Super Mario RPG Revisited

RPG purists often tout the era of the Super Nintendo as the pinnacle of role-play gaming, with titles like Final Fantasy III (in the U.S.) and Chrono Trigger often topping the lists. But Square developed another game that recalls distinct SNES nostalgia and nearly mastered the balance of traditional, turn-based RPG elements and a plucky sense of adventure: Super Mario RPG: Legend of the Seven Stars. For this Revisited, I spent around fifteen hours re-conquering this conflagration of old-school gaming ideas and couldn’t have been happier about it.

Super Mario RPG succeeds largely with charm and character. Aside from Mario’s Time Machine and Mario is Missing, this was Nintendo’s first branch off of the Mario franchise to cast the famous plumber as more than just a jumping bean or a pill-popping doctor. Mario became a full-fledged character (though not fully-voiced) whose interactions with the world around him set up a kind of unspoken character that would hold for generations of gaming.

The mantra for the team at Square must have been, “There are no sacred cows,” because every Mario icon received some sort of makeover and in some cases a complete rewrite. Mario is constantly criticized for his gung-ho gusto and his apparently “ugly” mustache. Bowser turns into a powerless, sniveling overlord after the eviction from his castle. Peach becomes the epitome of the powerful woman — strong, confident, and able. The only character that seems to fit his pre-determined profile is Toad, who comes across as weak, cowardly, but often boastful and self-righteous. The element of humor comes through pretty strongly with these characters, along with a host of other Mario standbys (the Shy-Guys, Dry-Bones, Goombas, etc.). More importantly, they lay the base for a satiric adventure, replete with exaggerations of adventure story convention and complete contradictions. It’s smart, it’s charming, and it’s simply fun to watch.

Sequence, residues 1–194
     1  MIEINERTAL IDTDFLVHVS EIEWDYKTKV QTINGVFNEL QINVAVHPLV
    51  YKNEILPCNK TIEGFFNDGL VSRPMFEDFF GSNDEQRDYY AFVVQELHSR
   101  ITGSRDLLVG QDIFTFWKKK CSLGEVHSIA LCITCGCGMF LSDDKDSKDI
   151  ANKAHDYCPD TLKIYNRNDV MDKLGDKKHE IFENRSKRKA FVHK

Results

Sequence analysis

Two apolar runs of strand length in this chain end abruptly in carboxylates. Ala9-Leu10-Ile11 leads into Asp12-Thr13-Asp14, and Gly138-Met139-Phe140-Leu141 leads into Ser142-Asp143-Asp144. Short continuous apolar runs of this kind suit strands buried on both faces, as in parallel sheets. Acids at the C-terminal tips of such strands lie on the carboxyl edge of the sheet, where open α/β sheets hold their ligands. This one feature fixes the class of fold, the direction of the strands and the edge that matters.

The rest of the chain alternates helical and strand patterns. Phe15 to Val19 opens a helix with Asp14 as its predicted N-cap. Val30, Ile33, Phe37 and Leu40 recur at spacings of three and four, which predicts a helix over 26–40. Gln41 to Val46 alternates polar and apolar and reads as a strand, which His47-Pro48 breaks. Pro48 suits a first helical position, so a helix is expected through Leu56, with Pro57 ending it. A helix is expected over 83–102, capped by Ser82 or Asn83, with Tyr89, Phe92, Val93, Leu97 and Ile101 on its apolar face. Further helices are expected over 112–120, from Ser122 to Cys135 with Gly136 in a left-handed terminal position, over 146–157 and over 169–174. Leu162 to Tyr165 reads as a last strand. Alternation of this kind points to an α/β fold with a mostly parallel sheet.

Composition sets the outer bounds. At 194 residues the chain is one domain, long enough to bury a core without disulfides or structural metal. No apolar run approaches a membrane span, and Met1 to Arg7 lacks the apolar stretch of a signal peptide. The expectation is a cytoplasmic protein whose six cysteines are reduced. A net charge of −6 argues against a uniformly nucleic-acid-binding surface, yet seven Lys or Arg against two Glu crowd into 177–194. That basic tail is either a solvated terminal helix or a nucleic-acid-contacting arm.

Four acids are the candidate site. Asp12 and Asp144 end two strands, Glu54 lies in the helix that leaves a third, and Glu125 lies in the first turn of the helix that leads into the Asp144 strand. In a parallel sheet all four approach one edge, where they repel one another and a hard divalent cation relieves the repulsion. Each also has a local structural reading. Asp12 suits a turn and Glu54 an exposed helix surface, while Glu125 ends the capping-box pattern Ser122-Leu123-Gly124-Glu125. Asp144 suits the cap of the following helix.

The mechanics of gameplay in Super Mario RPG fit almost directly in line with other RPGs of the era, but are altered to fit the Mario theme. Instead of Fire, Fira, and Firaga, there’s Fireball, Super Fireball, and Ultra Fireball. Instead of the basic trekking through mountains and towns, Square added the platforming element that made Mario famous, but done as platforming-lite. For example, one challenge finds Mario jumping barrels on his way up an incline to stop the large monkey throwing them down… wait, that sounds familiar. Even without the nods to Mario’s origin, the platforming works perfectly to mix up the gameplay and offer the player a break from the battles, which can become monotonous.

super mario rpg

Overall pacing proves a triumph for Mario’s first foray into RPGs as no one segment overstays its welcome. It’s a game of moderate length, with plenty of varied worlds and bosses with decent difficulty, and almost none of it feels repetitive. Of course it is repetitive, as each level is really just another exercise in battling minions to reach a boss (and then repeating that formula), but every boss and level is framed by some new challenge that keeps things interesting. Take, for example, the hunt for Booster’s Mario doll, the Kero Sewer River Rapids, the Mine Cart segment, Jinx’s dojo, or even the optional Boshi race. It’s got everything that the beloved RPGs of old made famous, just coated in a thick film of Mushroom Kingdom charm.

The game isn’t without its flaws as certain elements lack balance. For example, if the player is able to find the legendary “Lazy Shell” items, they essentially can’t lose from there forward because they are just so powerful. And Geno’s “Geno Whirl” ability, combined with some timed button presses (another brilliant innovation worth re-examining), can do 9999 damage to almost any enemy. But these and other overpowered abilities are only available to players who know how to utilize them, so it’s not a horrible imbalance, just worth noting.

I can’t remember the last time I’ve had so much pure fun playing an RPG. For fans of Mario games and Final Fantasy games, Super Mario RPG is a must play. I can’t over-emphasize the humor and charm that the tongue-in-cheek approach provides, and the traditional RPG aspects are spot-on. If I could make one incredibly simple recommendation to the future of Mario RPGs (I’m looking at you, Super Paper Mario) based on this game, it would be to just use bigger numbers for stats. An attack worth four hit points is for kids, and dumb ones at that. Don’t be afraid of triple-digits, and revisit Super Mario RPG, one of the best ever offerings for the Super Nintendo.


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Author: Dan Crabtree View all posts by
Dan is Managing Editor for GamerNode and a freelance gaming writer. His dog is pretty great. Check him out on Twitter @DanRCrabtree.

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